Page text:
Festival Review: God’s Own Country (2017)

God's Own Country

A gay romance set high in the Yorkshire moors, Francis Lee’s God’s Own Country is a no-nonsense evocation of hard-won life in the country.

Far From The Madding Crowd

by Mark Wilshin

God’s Own Country

CAUTION: Here be spoilers

Filmed and set on the hillside where first-time feature director Francis Lee grew up, God’s Own Country is an evocative depiction of being gay and experiencing love for the first time in the Yorkshire moors. It takes place in Keighley’s farming community, in the mud, barns, pastures and bloody birthing of a sheep farm. It’s a domain ruled by Martin (Ian Hart), crippled after a stroke, and his mother Deirdre (Gemma Jones), a heritage destined to be passed on to the next generation. But Jonny Saxby (Josh O’Connor) can’t get his life in order, filling his loneliness with anonymous sex and desperate drinking until he vomits. His outness is never really made clear; he insists to Romanian farm help Gheorghe (Alec Secareanu) that they can spend the night together in his bedroom but aside from this ambiguity with his family, there never seems to be anyone else around for him to come out to.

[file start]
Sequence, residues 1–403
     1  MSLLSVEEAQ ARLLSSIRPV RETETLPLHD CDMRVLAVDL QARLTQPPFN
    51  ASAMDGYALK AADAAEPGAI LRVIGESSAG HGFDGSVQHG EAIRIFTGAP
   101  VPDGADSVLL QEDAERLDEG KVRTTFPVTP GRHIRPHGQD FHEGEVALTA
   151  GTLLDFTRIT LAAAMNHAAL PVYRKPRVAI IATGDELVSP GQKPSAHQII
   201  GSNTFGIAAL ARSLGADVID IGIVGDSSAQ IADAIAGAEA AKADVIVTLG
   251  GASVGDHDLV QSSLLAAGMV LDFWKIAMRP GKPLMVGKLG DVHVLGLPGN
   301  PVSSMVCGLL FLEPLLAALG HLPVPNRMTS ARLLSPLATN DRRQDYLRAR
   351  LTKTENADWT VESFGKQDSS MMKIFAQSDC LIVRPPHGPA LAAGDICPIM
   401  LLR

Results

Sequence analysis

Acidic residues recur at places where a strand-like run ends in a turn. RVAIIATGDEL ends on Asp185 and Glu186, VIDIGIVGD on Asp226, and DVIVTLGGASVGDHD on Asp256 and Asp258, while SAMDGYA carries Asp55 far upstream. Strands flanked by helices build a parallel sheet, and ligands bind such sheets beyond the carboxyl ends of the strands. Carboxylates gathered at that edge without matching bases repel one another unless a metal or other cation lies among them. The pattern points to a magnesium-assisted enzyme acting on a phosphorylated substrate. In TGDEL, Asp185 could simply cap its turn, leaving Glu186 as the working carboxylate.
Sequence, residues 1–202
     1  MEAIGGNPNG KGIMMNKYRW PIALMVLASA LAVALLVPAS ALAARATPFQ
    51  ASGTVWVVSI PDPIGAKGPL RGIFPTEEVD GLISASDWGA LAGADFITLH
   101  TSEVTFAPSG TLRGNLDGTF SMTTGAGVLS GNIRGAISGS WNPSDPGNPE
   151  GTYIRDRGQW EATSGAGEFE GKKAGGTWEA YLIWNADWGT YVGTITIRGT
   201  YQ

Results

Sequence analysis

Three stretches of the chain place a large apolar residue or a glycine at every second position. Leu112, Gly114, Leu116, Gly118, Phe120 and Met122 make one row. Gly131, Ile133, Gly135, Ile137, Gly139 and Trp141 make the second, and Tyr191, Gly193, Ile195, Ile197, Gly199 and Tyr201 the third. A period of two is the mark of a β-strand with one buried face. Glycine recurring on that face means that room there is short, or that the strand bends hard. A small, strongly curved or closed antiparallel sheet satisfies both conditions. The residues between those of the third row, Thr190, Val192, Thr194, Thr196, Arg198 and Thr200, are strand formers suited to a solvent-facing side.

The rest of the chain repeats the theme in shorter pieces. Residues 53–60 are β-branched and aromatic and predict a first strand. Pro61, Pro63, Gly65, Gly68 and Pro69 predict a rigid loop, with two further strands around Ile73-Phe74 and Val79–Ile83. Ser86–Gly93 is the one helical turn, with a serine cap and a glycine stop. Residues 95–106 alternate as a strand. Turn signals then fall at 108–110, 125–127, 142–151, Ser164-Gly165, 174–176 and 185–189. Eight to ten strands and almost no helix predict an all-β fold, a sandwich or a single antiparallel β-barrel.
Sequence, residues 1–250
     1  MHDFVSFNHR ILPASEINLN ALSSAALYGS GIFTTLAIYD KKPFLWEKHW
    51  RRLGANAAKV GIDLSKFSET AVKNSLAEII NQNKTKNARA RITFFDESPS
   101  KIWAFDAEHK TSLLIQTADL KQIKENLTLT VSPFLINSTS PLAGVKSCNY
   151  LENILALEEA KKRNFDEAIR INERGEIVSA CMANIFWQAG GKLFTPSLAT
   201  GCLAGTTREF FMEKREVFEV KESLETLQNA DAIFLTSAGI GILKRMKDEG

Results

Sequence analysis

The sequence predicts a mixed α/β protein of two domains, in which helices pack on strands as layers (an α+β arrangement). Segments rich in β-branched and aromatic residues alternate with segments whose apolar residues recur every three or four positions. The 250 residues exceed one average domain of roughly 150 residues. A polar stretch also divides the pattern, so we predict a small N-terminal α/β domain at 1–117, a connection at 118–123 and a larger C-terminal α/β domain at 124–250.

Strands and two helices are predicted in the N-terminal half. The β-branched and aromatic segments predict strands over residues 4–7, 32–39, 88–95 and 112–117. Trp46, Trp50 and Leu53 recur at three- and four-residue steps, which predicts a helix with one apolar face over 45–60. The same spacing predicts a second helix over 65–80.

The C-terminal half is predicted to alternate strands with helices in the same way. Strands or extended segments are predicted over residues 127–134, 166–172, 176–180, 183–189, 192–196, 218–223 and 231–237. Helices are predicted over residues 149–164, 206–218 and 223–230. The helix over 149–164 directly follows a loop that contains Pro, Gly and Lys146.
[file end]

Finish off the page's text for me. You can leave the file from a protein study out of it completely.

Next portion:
Rather than identity confusion though, Lee’s film concentrates on the emotional confusion of falling in love, as Jonny and Gheorghe move into the top field to take care of the lambing. Despite affectionately calling each other “faggot”, homophobia, internalised or otherwise, has little place in these here hills; only Jonny’s grandmother cries briefly into her ironing while Martin swallows any reservations he might have for the sake of the farm. Instead, God’s Own Country offers a delicious textural experience of the farm and the market forces threatening it. Josh O’Connor is exceptional as beast of burden Jonny, and while the dialogue feels occasionally clumsy, Francis Lee’s debut is an accomplished and affecting romance as well as a heartwarming story of growth through love.

God’s Own Country is now showing at the 67th Berlin Film Festival

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